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What Does an Elevation Certificate Cost?

We are asked this all the time and rightfully so.  You are told you need to buy a flood insurance policy, which is separate from your homeowner’s policy.  And then you are told you need a separate elevation certificate to calculate the proper premium.  Or maybe you already have flood insurance and you were told getting a proper elevation certificate could lower your rising premium.  So what does the elevation certificate cost?

The national average cost for an elevation certificate is about $600 and the range is about $169 to $2,000 or more.  There are a lot of reasons elevation certificate costs vary, including: occupancy type, structure type, demand, location, timing, data, and quality.

Should I cancel my flood insurance policy? Part 2: Facts and Data.

This is a follow-up on our last blog about the conversations we have with property owners wanting to cancel their flood insurance policy.  It’s a complex decision that affects the risk we accept and how we mitigate that risk.  If you like facts and data, here’s some information that might help make a decision that’s right for you.

 

Homeowner’s insurance does not cover losses from flood disasters.  This is the primary reason it’s a big deal.  You need a separate flood insurance policy to be protected from flood disasters.

 

Should I cancel my flood insurance policy? Part 1: Conversations with Property Owners.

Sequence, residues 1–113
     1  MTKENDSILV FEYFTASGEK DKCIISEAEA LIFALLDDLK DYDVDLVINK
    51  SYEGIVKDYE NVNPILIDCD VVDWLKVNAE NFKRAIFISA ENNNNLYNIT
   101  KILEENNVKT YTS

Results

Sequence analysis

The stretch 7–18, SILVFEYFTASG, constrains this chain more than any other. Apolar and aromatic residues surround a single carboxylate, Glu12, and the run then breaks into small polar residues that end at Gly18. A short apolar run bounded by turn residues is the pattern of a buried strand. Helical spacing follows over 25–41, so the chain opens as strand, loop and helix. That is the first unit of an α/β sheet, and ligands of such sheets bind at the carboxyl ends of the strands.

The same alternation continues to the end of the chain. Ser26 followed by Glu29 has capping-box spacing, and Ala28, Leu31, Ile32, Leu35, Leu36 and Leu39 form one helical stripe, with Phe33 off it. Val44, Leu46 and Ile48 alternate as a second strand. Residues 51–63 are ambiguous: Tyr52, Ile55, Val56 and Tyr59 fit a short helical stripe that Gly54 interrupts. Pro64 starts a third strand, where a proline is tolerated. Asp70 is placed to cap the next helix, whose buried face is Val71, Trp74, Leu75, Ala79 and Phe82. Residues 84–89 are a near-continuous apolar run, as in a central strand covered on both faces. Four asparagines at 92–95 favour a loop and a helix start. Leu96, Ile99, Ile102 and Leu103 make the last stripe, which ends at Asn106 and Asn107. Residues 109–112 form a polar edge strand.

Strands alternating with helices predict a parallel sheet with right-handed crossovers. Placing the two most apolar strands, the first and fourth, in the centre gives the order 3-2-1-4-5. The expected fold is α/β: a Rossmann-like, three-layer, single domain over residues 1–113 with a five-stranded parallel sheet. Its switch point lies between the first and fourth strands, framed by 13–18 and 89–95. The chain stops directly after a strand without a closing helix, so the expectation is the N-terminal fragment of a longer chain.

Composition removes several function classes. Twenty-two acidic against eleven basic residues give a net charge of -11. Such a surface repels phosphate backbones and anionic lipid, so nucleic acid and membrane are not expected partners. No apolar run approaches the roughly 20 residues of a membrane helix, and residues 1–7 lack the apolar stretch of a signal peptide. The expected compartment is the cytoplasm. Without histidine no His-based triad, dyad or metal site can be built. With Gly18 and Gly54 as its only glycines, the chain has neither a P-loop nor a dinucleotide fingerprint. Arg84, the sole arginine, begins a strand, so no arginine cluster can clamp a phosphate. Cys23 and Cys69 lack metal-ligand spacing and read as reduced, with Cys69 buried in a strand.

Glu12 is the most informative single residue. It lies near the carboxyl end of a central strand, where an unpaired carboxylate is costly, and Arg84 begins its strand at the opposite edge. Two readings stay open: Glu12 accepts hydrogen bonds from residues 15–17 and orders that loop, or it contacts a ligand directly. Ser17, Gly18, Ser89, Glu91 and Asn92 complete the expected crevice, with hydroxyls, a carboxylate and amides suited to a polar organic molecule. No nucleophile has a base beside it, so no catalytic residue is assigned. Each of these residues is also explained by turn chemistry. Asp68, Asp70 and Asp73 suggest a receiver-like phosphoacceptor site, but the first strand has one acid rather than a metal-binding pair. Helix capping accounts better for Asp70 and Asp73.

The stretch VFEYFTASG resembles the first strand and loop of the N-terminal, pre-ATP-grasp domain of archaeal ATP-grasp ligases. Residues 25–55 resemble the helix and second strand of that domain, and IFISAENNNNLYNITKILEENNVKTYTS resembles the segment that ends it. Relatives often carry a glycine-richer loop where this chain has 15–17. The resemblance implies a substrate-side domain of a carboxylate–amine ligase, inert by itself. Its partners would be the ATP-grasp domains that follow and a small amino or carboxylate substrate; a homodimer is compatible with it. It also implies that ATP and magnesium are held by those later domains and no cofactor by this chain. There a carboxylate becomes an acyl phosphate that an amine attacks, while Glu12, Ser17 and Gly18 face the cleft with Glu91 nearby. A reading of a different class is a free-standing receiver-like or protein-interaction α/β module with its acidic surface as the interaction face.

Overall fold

Property owners cancel their flood insurance policies for a lot of reasons.  It can be an expensive policy to carry, so we understand.  At MassiveCert we are in the business of helping homeowners untangle the requirements and regulations to get the flood certification you need as easily as possible.  We are on your side.

Here are some of the conversations we’ve had with concerned property owners like yourself that are thinking about dropping their flood insurance policies.

The FEMA 100 year flood zone explained.

I use the term “100-year flood zone daily for elevation certificates, LOMA’s, and explaining flood maps.  But it doesn't mean what you might think.  It means there is a 1% chance you will see a flood like the one on the FEMA flood map each and every year.  Since 1% is also "1 out of 100", the term "100-year flood" was adopted because that's easier to talk about than rattling off a bunch of statistics.

 

FEMA sometimes shows a 500-year flood on their maps and that is technically the 0.2% annual chance flood.  Try saying "zero point two percent annual chance flood zone" two dozen times a day and you can see why we use the short version.

 

Where does the Base Flood Elevation (BFE) come from?

FEMA defines the Base Flood Elevation (BFE) as the computed elevation to which the flood is anticipated to rise during the base flood.  The base flood is also referred to as the 1-percent annual chance flood or 100-year flood.  Just in case those terms are new to you, the 1-percent annual chance flood means that, statistically, there's a 1% chance every year that there will be a flood that looks like the one on the FEMA maps.  But it could flood less, or more, or many times a year, or not at all.  The Base Flood Elevation is a baseline pulled together from historic weather data, local topography, and the best science available at the time.

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